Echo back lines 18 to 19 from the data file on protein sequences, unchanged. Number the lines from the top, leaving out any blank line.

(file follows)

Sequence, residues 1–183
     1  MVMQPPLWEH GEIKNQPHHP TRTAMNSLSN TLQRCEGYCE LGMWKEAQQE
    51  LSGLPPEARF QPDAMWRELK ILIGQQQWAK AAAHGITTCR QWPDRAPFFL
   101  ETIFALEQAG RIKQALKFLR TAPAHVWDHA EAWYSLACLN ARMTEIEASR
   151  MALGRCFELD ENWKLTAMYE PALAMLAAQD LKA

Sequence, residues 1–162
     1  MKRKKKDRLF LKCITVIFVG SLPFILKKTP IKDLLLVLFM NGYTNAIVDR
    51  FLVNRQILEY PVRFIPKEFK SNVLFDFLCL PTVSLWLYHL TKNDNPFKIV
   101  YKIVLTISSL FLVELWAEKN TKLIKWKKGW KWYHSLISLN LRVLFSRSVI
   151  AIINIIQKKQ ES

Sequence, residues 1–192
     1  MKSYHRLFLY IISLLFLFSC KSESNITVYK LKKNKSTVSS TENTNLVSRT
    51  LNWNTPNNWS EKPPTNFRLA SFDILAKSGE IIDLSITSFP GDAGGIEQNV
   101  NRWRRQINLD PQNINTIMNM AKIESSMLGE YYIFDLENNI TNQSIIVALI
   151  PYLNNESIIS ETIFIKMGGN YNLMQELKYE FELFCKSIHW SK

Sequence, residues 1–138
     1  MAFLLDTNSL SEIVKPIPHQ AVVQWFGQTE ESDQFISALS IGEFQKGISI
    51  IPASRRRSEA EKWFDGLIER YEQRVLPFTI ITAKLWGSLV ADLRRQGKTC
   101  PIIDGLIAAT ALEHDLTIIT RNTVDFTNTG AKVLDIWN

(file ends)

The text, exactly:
    51  IPASRRRSEA EKWFDGLIER YEQRVLPFTI ITAKLWGSLV ADLRRQGKTC
   101  PIIDGLIAAT ALEHDLTIIT RNTVDFTNTG AKVLDIWN